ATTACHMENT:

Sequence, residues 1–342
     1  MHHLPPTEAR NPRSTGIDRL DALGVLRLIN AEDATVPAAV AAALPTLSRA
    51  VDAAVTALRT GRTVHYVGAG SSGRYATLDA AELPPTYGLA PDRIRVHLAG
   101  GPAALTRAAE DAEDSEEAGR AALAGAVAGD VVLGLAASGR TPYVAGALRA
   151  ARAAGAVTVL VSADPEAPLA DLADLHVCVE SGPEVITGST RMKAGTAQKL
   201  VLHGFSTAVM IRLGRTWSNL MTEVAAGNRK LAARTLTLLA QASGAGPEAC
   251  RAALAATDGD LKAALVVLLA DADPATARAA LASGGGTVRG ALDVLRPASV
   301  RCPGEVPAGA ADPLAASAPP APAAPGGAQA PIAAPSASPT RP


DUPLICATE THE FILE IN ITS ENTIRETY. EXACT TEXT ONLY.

Sequence, residues 1–342
     1  MHHLPPTEAR NPRSTGIDRL DALGVLRLIN AEDATVPAAV AAALPTLSRA
    51  VDAAVTALRT GRTVHYVGAG SSGRYATLDA AELPPTYGLA PDRIRVHLAG
   101  GPAALTRAAE DAEDSEEAGR AALAGAVAGD VVLGLAASGR TPYVAGALRA
   151  ARAAGAVTVL VSADPEAPLA DLADLHVCVE SGPEVITGST RMKAGTAQKL
   201  VLHGFSTAVM IRLGRTWSNL MTEVAAGNRK LAARTLTLLA QASGAGPEAC
   251  RAALAATDGD LKAALVVLLA DADPATARAA LASGGGTVRG ALDVLRPASV
   301  RCPGEVPAGA ADPLAASAPP APAAPGGAQA PIAAPSASPT RP